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Texas Water Trade secures $500,000 grant to launch ‘Clean Water for All Texans’ business venture

For immediate release: October 21, 2021

AUSTIN, Texas – Texas Water Trade announced today that it has received a $500,000 grant from Lyda Hill Philanthropies to launch a “Clean Water for All Texans” water service that will provide clean, affordable water to underserved populations across the state.

The one-year startup grant will be used to launch a water service subsidiary that aims to deploy affordable onsite water treatment systems to thousands of households and dozens of schools in Texas that do not have access to affordable, reliable clean water today.

‘Clean Water for All Texans’ was one of five projects selected from 172 proposals as part of the Lone Star Prize competition, a joint effort of Lyda Hill Philanthropies and Lever for Change to find and fund bold solutions focused on building healthier, stronger communities in Texas.

“We are so honored to receive start-up funding to pursue our vision of delivering affordable, clean water to millions of Texans who are living today without secure drinking water,” said Sharlene Leurig, CEO of Texas Water Trade. “By securing this startup grant, we can develop our business plan, initiate our engagement with communities in need and onboard a CEO who can bring this innovative subscription service to life.”

Texas Water Trade is positioned to receive additional funding for the project from Lyda Hill Philanthropies if key performance indicators are met over the next year.

“This clean water gap in Texas has been known for decades, yet neither the market nor the public sector have closed the gap for the poorest and most marginalized,” said Lyda Hill, founder of Lyda Hill Philanthropies. “Clean Water for All Texans has the potential to achieve transformational change across Texas — and potentially beyond.”

Texas Water Trade’s new subsidiary will aim to close the clean water gap for millions of Texans who do not have consistent access to clean, affordable drinking water. The problem is widespread across all geographies and income levels, including: those dependent on public water supplies with lead-tainted water; those reliant on private groundwater wells that are unmonitored and unregulated for water quality; and those in underserved communities along the southern border and across the state who have no water infrastructure at all.

Texas Water Trade, through this new subsidiary, will deploy and maintain onsite water treatment technologies for households and schools using a subscription payment system designed to beat what the lowest income Texans pay today for bottled water. The carbon filtration and reverse osmosis treatment systems it will use are already being used by millions of Americans today and can be purchased at most hardware stores.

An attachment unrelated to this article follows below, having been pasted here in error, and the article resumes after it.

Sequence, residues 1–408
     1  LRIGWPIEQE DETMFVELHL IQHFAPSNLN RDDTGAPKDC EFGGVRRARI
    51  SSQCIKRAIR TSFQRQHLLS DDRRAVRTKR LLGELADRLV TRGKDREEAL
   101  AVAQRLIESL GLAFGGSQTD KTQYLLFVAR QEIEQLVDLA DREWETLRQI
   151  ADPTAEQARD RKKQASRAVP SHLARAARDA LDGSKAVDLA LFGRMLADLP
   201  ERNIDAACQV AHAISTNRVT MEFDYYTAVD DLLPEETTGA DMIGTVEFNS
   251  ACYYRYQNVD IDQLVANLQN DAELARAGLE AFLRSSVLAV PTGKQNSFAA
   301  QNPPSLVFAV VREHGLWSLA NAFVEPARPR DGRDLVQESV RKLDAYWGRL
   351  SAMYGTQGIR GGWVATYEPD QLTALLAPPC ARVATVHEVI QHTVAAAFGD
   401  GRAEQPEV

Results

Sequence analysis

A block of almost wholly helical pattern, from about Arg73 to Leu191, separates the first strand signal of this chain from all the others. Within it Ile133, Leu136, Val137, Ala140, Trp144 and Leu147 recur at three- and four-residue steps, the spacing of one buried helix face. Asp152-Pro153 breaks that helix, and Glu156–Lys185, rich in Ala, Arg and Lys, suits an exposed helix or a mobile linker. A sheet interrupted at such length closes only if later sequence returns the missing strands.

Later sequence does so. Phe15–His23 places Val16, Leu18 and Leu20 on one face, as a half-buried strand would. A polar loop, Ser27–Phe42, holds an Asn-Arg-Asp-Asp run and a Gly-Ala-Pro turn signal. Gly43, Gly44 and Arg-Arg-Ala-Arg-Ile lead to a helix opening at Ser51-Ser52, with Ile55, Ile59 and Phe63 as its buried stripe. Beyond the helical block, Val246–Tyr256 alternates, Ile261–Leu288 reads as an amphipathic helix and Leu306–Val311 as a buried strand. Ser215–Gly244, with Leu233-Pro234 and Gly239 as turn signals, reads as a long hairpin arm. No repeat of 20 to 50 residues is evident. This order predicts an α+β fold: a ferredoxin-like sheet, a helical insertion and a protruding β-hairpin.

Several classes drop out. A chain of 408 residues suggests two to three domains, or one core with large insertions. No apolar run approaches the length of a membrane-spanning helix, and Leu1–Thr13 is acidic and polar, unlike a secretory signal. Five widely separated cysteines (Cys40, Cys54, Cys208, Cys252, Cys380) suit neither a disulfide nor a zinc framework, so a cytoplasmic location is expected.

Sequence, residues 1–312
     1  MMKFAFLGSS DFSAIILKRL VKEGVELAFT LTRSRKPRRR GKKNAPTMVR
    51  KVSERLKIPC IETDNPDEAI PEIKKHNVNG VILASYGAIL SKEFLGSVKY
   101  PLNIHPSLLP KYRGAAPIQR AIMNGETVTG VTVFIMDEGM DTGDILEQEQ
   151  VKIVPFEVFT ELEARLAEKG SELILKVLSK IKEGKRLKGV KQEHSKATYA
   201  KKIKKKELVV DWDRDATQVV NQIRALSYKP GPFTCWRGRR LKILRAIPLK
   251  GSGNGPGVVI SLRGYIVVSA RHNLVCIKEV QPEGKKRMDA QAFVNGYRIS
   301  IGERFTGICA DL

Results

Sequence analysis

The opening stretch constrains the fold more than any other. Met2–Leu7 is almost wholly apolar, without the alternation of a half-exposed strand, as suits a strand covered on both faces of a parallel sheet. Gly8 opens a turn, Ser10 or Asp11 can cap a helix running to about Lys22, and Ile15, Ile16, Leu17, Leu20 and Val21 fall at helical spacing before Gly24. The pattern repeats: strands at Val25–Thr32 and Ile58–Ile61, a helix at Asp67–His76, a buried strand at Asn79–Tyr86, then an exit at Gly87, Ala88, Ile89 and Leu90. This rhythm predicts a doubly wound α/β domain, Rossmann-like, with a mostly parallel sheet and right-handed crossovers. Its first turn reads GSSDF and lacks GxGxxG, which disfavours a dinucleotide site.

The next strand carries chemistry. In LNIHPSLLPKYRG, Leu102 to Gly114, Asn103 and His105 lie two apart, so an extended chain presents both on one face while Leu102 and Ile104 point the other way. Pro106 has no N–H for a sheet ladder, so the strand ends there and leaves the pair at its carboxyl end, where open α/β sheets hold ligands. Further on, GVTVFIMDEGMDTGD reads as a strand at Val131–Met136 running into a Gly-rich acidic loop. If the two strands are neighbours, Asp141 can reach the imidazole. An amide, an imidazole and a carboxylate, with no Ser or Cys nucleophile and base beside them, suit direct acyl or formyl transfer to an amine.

Lack of consumer knowledge about appropriate treatment technologies, combined with concerns about having the resources to buy, install and maintain these systems, have been cited by researchers at The University of Texas at El Paso (UTEP) as reasons for why underserved households have not gained access to these readily-available technologies.

“The subscription-based service proposed by Texas Water Trade promises to be sustainable, affordable solution to close the decades-old clean water gap among Texas households along the border and elsewhere,” said Ivonne Santiago, Ph.D., associate professor of the Department of Civil Engineering at UTEP, a project partner. Other UTEP collaborators include Drs. Shane Walker and Alex Mayer from the Department of Civil Engineering, Dr. Jeannie Concha from the College of Health Sciences Department of Public Health and Dr. Kristina Mena from the University of Texas – Houston School of Public Health El Paso Campus.

Over the next few years, Texas Water Trade’s new subsidiary will aim to test and validate its solution in at least three high-need communities, each representing a different water access challenge, including:

  • The Rio Grande Valley, where 140,000 Texans, many living in informal developments known as colonias, are living with no water services at all.
  • Dallas-Fort Worth Metroplex, where homes and schools served by public utilities face significant costs to mitigate lead contamination in their drinking water.
  • Central Texas, one of the fastest-growing regions of the country, where growth is outpacing extension of public water systems—leaving households reliant on unregulated groundwater wells increasingly vulnerable to groundwater contamination.


Contact: Peyton Fleming, Texas Water Trade
Cell: 857-361-2884 cell


Editor’s Note:

Texas Water Trade CEO Sharlene Leurig and UTEP’s Dr. Ivonne Santiago will be speaking with Matt Crommett, Director at Lyda Hill Philanthropies, about Texas’ clean water gap at the upcoming virtual BigBANG! Conference on Wednesday, October 27.

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